Titanium filtration membranes originally designed for the wine sector are being adapted for a new range of industries including oil, wool and water.
Developed in South Australia by Advanced Material Solutions (AMS), the super-strong titanium membrane is unaffected by salt or chemicals such as chlorine and can be adjusted to screen out specific materials down to 0.05 microns.
A commercial system has already been installed at a meatworks in Victoria where the filters removed fats, oils, grease, blood cells and reduced e coli levels from 240,000 down to less than 20 parts per 100ml.
Another system is being used by a wastewater treatment company in Canada and several units are in the process of being commissioned at wineries in Australia and the United States.
AMS Managing Director Gilbert Erskine said the ability to efficiently separate oil and water had led to the development of the first of a possible five wool scouring plants in Australia and the potential for a further three in New Zealand.
He said the dual filtration system led to a huge reduction in water, chemical and energy use because the cleaning water could be reused and did not to require as much energy to reheat.
“They bring the wool in then they wash out all the dirt and then they remove the lanolin oil to end up with nice clean wool but it creates a lot of waste and it uses a lot of water,” Erskine said.
“We’ve got a membrane that removes the particulate to clean the water while leaving the detergents in there but in that there’s also the oil.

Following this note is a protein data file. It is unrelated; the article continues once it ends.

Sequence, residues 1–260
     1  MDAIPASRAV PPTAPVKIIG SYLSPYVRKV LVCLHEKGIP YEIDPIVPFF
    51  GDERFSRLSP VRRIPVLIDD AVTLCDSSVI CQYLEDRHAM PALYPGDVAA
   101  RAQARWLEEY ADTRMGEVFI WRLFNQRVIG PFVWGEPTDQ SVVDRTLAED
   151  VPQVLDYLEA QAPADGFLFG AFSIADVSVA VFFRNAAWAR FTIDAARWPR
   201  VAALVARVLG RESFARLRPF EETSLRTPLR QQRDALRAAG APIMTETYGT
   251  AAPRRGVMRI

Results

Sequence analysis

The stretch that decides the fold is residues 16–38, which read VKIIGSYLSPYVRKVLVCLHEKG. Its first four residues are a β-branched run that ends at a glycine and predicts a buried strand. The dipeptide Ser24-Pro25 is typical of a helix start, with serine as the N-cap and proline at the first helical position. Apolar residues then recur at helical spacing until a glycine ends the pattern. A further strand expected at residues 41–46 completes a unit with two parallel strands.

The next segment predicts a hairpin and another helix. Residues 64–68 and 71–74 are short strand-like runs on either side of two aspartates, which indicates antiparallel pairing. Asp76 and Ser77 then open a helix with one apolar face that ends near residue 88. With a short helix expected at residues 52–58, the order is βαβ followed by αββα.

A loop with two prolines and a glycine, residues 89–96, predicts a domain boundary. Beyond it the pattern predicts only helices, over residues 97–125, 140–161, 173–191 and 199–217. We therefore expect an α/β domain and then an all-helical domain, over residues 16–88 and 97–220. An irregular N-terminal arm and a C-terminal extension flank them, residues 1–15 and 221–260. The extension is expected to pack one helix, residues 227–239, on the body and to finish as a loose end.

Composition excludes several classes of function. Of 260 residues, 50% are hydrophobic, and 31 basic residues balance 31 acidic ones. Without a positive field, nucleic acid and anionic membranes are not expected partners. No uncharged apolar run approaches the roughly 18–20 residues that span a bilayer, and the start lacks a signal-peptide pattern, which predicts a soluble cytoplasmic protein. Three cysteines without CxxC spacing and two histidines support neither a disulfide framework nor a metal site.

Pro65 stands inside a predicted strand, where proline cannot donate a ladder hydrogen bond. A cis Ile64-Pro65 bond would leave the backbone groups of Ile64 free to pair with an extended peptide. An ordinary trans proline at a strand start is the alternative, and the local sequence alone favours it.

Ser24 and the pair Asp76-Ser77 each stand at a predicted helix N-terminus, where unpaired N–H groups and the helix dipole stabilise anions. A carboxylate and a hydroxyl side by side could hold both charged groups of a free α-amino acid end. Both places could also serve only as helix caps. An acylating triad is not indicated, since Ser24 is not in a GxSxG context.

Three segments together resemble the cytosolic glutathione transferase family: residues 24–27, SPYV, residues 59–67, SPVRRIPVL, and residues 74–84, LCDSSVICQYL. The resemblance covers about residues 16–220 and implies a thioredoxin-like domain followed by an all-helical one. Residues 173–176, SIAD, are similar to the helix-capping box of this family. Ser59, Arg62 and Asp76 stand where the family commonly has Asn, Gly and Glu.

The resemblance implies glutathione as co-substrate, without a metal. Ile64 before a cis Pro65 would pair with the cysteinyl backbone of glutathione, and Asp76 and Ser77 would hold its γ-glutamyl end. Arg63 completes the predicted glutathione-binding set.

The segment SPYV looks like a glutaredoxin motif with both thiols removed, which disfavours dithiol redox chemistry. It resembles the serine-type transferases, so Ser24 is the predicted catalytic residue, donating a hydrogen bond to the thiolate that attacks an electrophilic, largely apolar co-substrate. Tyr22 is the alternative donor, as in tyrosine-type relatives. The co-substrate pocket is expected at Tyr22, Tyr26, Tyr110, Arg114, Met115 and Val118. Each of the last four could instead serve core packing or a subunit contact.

“Then we put it through another membrane that splits and removes oil from water.
“We’ve proved that we can reuse that water. And on the lanolin itself we end up with this beautiful, sparkling lanolin oil.”
Based at Lonsdale in Adelaide’s southern suburbs, AMS has been in business since 1985 and has had a long affiliation with the wine industry.
It started out making stainless steel fittings, heat exchangers and refrigeration plants for wineries before experimenting with polymeric, ceramic and stainless steel filter membranes.
Other applications being explored by AMS is the cleaning of monoethylene glycol, an important raw material in oil and gas wellheads to prevent the formation of hydrates that result in blockages in pipelines and equipment.
“They put it down the well and by the time they get it back to the surface it’s full of particulates and they want to clean it and reuse it but it’s not an easy material to filter – the typical polymeric membranes don’t handle it very well at all but the titanium does,” Erskine said.
AMS has installed five furnaces and is looking at adding another two to further ramp up production.
“We’re gearing up. We’ve become end to end so we can bring our raw materials in, we’ve got a good reliable source of material now and from bringing the raw material in to producing high-quality membrane is completely sorted and the fabrication shop has been streamlined.
“After extensive trials, we have demonstrated the cost and efficiency benefits of replacing traditional crossflow filtration systems with our titanium membranes.”
“We want to get out and prove just how good this is.”
This article originally appeared at The Lead SA.
Subscribe to our free @AuManufacturing newsletter here.